Richardson’s athletic gifts were so great the team made room for him.
“I think Michael Richardson would have played no matter where he went (to school),” says the Rev. Raymond Hayes, who played football at Hickman in 1959.
“He was that good.”
Charles Allen, who ran track at Hickman with Richardson, says there was more to Richardson than his athletic talent; there was the history of his last name.
“The name Richardson in central Missouri conjures up images of super athletes in the sense that uncles and cousins all were extremely good athletes,” Allen says.
“So growing up in a family like that, he honed his skills extremely early and was maybe always able to live in another relative’s shadow so to speak.”
William “The Rocket” Richardson is the relative Allen speaks of, but it is impossible to know just how strong of an athletic connection they had, and whether Michael Richardson lived in the shadow of his uncle’s talents and his uncle’s experience at MU as Allen says he did.
It is impossible to know what Richardson’s stardom at Hickman was like for him or how it felt to star when many of his Douglass teammates stopped playing.
Michael Richardson died of lung cancer July 24, 2002, at 58. His friends and family say he never talked about his athletic stardom.
“Michael never talked about his football years,” says his widow, Pam Richardson.
Bob Redmon says Richardson handled his high school stardom modestly.
“He was just a regular guy,” Redmon says.
“When people (asked him about his stardom), he was quick to give a little smile and that was it.”
What is known about Richardson is that after he graduated from Hickman in 1962, he took an athletic scholarship at Northeast Missouri State University (which became Truman St. University) in Kirksville, and he is in its Hall of Fame.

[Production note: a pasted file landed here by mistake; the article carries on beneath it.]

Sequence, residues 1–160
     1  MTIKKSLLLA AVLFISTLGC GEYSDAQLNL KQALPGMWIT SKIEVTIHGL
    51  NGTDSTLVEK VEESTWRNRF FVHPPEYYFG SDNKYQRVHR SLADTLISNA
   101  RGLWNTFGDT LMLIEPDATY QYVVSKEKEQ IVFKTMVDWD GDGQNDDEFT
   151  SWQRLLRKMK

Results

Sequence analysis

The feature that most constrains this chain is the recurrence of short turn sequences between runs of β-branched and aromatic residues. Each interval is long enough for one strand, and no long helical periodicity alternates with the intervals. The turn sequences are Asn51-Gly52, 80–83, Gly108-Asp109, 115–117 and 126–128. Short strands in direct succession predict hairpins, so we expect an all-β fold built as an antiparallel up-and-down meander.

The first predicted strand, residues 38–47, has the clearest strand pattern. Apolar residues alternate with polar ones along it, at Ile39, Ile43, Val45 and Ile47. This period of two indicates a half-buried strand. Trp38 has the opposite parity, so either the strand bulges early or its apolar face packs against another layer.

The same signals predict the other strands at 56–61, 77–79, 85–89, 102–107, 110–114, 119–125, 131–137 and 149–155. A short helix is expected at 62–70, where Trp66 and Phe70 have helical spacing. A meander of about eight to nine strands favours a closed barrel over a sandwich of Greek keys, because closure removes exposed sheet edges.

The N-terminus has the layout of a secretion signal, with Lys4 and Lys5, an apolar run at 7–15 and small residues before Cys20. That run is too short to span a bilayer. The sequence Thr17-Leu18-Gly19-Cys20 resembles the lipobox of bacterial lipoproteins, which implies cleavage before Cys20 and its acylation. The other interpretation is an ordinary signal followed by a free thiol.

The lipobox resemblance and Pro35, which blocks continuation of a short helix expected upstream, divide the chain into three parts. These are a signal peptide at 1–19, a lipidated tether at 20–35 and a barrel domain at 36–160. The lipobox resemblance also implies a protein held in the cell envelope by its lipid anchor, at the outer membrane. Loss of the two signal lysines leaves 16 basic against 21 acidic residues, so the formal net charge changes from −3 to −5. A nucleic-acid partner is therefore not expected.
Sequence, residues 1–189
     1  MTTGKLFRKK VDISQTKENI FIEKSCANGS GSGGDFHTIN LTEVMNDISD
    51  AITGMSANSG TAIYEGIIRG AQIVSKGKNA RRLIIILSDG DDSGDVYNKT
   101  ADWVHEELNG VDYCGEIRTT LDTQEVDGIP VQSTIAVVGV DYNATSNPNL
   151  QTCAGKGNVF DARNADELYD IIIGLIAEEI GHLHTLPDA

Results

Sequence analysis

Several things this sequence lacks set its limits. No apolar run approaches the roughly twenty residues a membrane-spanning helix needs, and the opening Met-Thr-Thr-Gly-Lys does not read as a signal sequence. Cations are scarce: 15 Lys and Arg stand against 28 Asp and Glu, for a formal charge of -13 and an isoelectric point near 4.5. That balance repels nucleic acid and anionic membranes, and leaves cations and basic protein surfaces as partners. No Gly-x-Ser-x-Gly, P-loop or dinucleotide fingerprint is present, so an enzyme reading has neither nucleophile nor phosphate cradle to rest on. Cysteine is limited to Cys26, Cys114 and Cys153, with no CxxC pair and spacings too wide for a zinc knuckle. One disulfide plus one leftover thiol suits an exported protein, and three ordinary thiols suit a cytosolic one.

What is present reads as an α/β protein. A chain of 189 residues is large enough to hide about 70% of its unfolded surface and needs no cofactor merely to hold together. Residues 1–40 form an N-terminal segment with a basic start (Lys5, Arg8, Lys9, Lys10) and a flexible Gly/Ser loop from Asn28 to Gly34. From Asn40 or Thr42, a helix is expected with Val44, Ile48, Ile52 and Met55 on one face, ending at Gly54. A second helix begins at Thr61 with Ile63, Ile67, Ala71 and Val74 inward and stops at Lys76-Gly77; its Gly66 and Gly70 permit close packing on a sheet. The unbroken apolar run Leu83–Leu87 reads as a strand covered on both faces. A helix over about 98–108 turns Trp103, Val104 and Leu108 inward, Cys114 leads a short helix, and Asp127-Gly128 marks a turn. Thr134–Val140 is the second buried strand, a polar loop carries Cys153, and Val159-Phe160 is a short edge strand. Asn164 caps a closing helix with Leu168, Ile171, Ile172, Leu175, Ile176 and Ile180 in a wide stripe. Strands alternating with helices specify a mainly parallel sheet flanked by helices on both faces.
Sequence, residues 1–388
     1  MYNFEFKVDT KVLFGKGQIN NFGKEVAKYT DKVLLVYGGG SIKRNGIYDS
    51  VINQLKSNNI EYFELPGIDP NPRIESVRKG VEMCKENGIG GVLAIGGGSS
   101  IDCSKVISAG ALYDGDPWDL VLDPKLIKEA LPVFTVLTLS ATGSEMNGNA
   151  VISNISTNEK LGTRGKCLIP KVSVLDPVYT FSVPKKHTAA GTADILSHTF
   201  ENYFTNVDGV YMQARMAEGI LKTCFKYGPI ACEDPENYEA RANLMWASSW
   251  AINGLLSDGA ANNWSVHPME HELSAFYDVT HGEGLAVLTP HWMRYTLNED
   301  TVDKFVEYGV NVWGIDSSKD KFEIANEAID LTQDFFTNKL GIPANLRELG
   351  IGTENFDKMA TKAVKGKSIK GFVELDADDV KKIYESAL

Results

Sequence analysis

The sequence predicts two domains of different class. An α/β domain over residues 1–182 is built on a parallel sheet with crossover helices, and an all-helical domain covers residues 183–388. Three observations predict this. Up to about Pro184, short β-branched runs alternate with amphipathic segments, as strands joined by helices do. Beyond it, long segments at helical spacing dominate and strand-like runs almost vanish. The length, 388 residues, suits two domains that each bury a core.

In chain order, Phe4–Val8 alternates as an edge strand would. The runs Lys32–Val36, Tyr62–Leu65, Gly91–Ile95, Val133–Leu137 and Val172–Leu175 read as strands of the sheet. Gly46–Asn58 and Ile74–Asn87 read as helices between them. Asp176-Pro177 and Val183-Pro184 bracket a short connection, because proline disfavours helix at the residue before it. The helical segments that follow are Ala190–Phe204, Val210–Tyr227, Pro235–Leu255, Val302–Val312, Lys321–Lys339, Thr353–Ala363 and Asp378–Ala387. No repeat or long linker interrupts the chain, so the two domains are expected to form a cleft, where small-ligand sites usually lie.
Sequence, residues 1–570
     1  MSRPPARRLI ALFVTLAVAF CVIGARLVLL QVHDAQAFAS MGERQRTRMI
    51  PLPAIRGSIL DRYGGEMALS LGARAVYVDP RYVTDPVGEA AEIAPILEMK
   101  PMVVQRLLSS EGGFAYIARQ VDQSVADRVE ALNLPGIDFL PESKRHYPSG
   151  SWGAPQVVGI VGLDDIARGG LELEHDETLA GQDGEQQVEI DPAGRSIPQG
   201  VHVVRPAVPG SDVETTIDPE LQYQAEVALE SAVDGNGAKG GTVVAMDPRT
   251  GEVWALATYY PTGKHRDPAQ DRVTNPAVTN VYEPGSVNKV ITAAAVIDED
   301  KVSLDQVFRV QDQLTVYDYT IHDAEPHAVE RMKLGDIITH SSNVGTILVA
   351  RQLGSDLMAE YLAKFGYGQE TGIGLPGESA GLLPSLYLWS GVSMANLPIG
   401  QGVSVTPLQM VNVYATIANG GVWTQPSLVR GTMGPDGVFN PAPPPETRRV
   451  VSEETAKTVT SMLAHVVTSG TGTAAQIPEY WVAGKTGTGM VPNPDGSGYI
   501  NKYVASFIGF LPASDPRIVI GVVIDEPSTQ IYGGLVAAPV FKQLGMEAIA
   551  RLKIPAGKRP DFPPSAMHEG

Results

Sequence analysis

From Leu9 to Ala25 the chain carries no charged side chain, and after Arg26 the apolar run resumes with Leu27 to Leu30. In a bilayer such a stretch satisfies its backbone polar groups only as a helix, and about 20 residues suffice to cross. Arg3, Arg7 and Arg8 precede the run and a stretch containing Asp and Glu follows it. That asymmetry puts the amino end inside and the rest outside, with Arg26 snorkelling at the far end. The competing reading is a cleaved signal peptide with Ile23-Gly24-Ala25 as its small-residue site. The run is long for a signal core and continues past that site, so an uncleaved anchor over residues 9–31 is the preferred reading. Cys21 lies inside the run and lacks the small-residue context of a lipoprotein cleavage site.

His career began strong, but it faded quietly. He gained 1,036 yards his freshman year and rushed for 296 yards against defending NAIA national champion Pittsburgh State.
In his senior year, Richardson switched to defensive back after he lost his starting running back position to Sharron Washington, a younger player whom the Houston Oilers drafted in the seventh round in 1966, and he struggled academically.
Pam Richardson says by the end of his career, Richardson felt as though the program had used him. She says the athletic department often asked him to play basketball and run track even though he had signed a letter of intent to play football.
“They basically used him and discarded him, ” she says.
Washington, a lifelong friend of Richardson’s despite their competition, says the players were not given guidance counselors to select courses.
“At that time pretty much everybody majored in P.E.,” he says.
Says Allen, “He just didn’t have the complete support system and some schools, the majority of schools depending on your athletic ability, once your eligibility is up it becomes, ‘What have you done for me lately?’
“I say that he didn’t have the support system from that school to make sure that he went on to get his degree and to make sure that he pursued opportunities after that.”
Pam Richardson says her husband lived an “ordinary middle-class life,” and in some respects that is true. Richardson worked as a repairman for Chrysler-Plymouth in St. Louis. He had three children and lived to see six grandchildren, and he stayed connected to sports his entire life: He helped coach his children’s teams, and his kids say he never missed any of their games.
For two years at Hickman, though, Michael Richardson was more than a star athlete. He was an exception to the experiences of other former Douglass athletes, and perhaps more broadly, his uncle’s experience at MU.
Those stories of athletes forgotten are entwined with those athletes remembered, and if Richardson was indeed the “right guy at the right time,” as Clark says, then his stardom bridged the gap between whites and blacks and brought people closer after desegregation.
“Everybody gravitated to him,’’ Redmon says. “I don’t care who you were. White. Black. Everybody gravitated to him.”